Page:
By now everyone is probably aware of the “tracking” of certain cellphones (Sprint, iPhone, T-Mobile, AT&T perhaps others) by a company called Carrier IQ. There are lots of discussions available; a good summary is on one of my favorite websites, Lifehacker; also here from CNET. Apparently the program gathers lots of anonymous data mainly for the purpose of helping carriers improve their service. Nonetheless, there are lawsuits and calls for the FTC to investigate.
Aside from the fact that the data is used only to improve service, it is also useful to ask just what people are afraid of. Clearly the phone companies already have access to SMS messages if they want it since these go through the phone system anyway. Moreover, of course, no person would see the data even if it were somehow collected. The fear is perhaps that “… marketers can use that data to sell you more stuff or send targeted ads…” (from the Lifehacker site) but even if so, so what? If apps are using data to try to sell you stuff that they think that you want, what is the harm? If you do want it, then the app has done you a service. If you don’t want it, then you don’t buy it. Ads tailored to your behavior are likely to be more useful than ads randomly assigned.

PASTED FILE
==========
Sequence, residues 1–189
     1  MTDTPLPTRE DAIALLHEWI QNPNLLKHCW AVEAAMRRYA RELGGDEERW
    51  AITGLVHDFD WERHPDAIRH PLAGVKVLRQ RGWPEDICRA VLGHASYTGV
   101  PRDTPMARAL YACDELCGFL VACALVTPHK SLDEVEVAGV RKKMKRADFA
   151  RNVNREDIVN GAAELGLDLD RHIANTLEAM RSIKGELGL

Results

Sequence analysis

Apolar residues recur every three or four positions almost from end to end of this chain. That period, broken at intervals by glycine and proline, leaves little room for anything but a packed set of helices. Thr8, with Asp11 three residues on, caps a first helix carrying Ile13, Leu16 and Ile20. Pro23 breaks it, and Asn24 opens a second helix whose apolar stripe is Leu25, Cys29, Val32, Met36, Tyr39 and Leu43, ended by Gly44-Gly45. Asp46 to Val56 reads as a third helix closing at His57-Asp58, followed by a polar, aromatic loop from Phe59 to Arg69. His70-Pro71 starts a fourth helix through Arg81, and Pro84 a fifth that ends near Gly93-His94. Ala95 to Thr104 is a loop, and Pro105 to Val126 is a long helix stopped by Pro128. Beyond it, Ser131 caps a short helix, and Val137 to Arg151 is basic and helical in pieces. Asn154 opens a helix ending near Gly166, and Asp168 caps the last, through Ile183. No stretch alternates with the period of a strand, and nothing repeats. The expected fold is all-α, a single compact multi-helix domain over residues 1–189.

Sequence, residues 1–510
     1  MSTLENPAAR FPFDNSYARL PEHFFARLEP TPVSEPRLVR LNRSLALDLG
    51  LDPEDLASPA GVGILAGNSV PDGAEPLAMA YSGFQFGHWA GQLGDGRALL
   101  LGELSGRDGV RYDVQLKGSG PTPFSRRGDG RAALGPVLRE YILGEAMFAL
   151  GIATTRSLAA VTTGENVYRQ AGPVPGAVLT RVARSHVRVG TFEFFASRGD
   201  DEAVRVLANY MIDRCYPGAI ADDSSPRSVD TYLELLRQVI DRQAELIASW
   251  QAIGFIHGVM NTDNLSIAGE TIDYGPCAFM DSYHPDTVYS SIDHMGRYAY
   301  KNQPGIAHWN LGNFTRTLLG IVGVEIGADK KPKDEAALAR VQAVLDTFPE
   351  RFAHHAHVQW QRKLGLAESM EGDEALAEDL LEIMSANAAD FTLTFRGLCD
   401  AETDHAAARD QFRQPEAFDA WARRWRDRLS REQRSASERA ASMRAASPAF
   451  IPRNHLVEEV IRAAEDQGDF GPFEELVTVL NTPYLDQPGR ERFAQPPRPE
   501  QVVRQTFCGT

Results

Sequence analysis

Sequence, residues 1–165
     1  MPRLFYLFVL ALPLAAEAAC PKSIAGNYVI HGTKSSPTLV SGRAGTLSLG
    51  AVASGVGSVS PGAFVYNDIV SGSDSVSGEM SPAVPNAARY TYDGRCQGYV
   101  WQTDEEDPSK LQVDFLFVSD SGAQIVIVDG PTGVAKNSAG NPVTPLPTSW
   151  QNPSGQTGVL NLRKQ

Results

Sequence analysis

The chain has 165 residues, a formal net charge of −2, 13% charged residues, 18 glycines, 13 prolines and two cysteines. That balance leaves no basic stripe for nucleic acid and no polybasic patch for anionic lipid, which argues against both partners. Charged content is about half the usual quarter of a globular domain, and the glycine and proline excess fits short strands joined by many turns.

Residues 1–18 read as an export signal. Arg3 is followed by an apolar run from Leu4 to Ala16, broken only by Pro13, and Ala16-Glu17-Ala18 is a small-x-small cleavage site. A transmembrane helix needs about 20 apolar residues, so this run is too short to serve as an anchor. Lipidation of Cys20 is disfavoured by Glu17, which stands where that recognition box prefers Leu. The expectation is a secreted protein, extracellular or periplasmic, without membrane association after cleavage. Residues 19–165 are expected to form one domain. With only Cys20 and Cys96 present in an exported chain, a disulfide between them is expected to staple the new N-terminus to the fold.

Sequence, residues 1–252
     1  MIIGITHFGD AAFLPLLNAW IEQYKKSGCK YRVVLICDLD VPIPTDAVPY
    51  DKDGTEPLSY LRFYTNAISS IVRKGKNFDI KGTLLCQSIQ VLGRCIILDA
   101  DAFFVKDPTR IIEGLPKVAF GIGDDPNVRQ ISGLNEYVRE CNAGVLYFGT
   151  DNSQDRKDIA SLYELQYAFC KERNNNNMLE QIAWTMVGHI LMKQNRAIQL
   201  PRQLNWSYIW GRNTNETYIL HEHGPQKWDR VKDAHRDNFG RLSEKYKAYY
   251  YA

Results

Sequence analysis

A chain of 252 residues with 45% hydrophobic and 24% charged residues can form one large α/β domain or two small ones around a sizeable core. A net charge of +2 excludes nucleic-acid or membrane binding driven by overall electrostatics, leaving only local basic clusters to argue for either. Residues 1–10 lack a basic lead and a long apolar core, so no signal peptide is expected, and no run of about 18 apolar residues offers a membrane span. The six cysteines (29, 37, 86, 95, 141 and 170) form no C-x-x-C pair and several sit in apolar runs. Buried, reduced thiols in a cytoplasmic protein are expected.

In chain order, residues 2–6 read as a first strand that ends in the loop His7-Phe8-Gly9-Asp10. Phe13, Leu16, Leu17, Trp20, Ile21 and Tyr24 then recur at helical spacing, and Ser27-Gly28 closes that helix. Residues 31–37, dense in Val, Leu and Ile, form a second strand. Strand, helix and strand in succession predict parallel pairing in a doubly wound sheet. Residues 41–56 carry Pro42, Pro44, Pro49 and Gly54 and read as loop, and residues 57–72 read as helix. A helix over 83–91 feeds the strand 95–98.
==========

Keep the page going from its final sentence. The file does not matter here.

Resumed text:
The Lifehacker story does use phrases like “freak people out” and “scary” and “creepy.” But except for the possibility of being sold stuff, the story never explains what is harmful about the behavior. As I have said before, I think the basic problem is that people cannot understand the notion that something is known but no person knows it. If some server somewhere knows where your phone has been, so what?
The end result of this episode will probably be somewhat worse phone service.
(Cross posted from the Truth on the Market blog)